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Federal Judge dismisses Government’s antitrust lawsuits against Facebook

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A federal judge dismissed antitrust lawsuits against Facebook Inc. filed by the U.S. government and most states, a major win for the company before the cases even got off the ground.

U.S. District Judge James Boasberg in Washington on Monday granted the company requests to dismiss lawsuits filed by the Federal Trade Commission and state attorneys general in December.

The FTC said in a statement that it is “closely reviewing the opinion and assessing the best option forward.” The agency has 30 days in which to file a new complaint.

The U.S. government and 48 states and districts sued Facebook in December 2020, accusing the tech giant of abusing its market power in social networking to crush smaller competitors and seeking remedies that could include a forced spinoff of the social network’s Instagram and WhatsApp messaging services.

The FTC had alleged Facebook engaged in a “systematic strategy” to eliminate its competition, including by purchasing smaller up-and-coming rivals like Instagram in 2012 and WhatsApp in 2014.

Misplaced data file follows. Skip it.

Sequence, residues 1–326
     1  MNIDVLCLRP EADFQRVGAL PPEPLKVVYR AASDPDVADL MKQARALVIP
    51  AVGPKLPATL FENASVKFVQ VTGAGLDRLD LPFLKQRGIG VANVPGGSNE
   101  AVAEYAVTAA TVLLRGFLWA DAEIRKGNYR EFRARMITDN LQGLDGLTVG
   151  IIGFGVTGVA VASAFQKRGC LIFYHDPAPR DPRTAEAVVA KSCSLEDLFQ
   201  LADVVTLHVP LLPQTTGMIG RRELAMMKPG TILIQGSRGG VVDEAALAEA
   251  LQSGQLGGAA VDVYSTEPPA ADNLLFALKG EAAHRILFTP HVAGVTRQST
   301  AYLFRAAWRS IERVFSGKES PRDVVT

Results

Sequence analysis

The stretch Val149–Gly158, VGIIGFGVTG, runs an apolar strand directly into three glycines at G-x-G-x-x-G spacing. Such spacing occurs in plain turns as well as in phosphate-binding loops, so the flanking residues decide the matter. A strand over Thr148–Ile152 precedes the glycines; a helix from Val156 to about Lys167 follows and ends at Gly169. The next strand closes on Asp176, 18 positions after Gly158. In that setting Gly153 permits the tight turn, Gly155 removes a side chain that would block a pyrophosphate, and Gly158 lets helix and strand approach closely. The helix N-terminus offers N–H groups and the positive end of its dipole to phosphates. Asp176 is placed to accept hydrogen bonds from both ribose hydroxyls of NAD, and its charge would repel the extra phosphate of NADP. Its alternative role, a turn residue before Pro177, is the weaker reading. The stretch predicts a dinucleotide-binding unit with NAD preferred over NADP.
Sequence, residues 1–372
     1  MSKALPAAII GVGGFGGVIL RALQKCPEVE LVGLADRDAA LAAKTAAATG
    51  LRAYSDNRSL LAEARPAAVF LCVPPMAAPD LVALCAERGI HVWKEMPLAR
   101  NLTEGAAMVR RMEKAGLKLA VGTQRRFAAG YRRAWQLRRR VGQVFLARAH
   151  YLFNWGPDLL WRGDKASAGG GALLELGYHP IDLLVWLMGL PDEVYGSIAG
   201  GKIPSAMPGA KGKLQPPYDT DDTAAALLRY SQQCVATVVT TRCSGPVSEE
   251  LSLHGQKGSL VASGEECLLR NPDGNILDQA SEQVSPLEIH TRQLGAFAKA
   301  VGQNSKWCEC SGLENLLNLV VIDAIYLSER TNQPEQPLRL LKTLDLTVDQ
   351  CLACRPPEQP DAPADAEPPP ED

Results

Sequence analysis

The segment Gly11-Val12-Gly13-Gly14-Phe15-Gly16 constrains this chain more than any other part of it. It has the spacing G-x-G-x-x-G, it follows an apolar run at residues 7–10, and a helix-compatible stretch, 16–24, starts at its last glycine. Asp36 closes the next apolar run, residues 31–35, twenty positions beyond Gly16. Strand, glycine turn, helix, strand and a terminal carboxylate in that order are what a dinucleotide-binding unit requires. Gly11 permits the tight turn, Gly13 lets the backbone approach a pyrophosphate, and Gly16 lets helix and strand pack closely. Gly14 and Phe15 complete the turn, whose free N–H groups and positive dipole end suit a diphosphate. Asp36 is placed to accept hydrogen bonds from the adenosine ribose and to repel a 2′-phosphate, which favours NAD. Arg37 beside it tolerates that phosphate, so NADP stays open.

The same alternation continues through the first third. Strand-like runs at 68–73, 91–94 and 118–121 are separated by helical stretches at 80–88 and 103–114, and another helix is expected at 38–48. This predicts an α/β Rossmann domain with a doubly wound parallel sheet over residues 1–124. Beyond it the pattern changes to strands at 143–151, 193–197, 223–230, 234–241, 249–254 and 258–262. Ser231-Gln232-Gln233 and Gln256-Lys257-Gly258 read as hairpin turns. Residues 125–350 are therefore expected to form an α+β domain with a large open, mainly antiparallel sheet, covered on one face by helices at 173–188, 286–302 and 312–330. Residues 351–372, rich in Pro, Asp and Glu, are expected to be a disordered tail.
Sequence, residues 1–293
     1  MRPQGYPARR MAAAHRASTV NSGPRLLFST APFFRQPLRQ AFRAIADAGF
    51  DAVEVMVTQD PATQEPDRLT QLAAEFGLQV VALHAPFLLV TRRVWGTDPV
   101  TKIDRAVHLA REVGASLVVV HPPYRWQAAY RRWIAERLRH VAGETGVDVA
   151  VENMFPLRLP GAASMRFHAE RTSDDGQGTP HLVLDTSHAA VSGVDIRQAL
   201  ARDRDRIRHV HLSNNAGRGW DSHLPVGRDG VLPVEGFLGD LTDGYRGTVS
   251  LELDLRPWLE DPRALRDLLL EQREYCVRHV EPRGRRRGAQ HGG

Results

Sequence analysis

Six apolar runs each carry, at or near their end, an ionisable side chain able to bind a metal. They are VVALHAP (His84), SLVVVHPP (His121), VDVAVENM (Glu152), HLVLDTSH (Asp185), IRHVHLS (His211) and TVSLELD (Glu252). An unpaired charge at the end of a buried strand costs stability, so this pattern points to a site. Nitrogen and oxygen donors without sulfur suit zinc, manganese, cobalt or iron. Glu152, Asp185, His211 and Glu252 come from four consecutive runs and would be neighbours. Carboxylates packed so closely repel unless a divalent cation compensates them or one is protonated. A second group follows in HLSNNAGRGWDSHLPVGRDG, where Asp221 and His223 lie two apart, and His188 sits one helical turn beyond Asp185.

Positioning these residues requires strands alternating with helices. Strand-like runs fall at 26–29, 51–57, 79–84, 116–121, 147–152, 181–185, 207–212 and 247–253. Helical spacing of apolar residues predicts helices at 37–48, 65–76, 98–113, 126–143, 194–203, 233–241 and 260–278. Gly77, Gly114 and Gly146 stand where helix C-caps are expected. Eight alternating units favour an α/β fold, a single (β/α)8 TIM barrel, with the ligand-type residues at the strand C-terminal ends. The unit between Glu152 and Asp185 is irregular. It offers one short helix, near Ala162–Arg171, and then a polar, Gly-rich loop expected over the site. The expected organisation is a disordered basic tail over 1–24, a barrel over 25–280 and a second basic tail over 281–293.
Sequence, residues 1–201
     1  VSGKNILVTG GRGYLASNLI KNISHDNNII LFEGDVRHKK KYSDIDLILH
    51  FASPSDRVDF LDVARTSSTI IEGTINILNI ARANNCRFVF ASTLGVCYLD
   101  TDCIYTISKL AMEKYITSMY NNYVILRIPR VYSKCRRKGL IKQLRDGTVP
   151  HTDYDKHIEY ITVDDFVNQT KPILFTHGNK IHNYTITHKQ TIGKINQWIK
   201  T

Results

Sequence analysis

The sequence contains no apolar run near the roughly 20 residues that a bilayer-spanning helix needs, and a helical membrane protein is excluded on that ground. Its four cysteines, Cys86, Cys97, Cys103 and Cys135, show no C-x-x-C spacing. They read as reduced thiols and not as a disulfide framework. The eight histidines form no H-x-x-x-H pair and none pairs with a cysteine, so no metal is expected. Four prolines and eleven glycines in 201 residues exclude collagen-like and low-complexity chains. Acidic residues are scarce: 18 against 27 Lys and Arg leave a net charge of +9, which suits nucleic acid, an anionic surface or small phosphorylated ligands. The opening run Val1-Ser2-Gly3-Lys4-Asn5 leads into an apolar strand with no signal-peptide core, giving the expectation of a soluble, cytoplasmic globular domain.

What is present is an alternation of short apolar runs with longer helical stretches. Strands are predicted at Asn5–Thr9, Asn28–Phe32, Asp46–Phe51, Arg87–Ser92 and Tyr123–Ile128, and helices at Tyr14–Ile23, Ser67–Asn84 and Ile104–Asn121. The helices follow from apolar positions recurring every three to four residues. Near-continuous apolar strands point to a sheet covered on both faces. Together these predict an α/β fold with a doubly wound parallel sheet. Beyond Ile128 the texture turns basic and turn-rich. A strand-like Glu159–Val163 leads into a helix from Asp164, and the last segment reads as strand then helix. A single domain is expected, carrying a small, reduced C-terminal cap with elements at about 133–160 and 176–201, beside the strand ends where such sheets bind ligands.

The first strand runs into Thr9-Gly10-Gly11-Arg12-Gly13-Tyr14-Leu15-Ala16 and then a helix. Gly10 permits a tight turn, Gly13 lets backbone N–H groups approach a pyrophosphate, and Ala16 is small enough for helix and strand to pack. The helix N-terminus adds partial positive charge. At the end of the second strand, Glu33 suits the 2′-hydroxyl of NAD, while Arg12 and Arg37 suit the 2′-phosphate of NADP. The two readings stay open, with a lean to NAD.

New York Attorney General Letitia James said when filing the suit that Facebook “used its monopoly power to crush smaller rivals and snuff out competition, all at the expense of everyday users.”

Facebook, in an e-mailed statement, said: “We are pleased that today’s decisions recognize the defects in the government complaints filed against Facebook. We compete fairly every day to earn people’s time and attention and will continue to deliver great products for the people and businesses that use our services.”

The rulings dealt a direct, early blow to bipartisan government efforts to pursue Big Tech giants on allegations they have unlawfully monopolized the marketplace. They also served as a reminder that antitrust cases—particularly against dynamic tech-sector firms that offer free, non-traditional products—can be difficult to win before federal courts that have narrowed the reach of antitrust laws over several decades.

Last year in October the Trump administration, joined by about a dozen states, brought a landmark antitrust suit against Google, accusing the company of using its dominance in online search to stifle competition and innovation at the expense of consumers. As it stands, the case isn’t scheduled to go to trial in federal court for nearly three years.

Meanwhile, an ambitious package of legislation to overhaul the antitrust laws, which could point toward breaking up Facebook as well as Google, Amazon, and Apple was approved by the House Judiciary Committee last week and sent to the full U.S. House.

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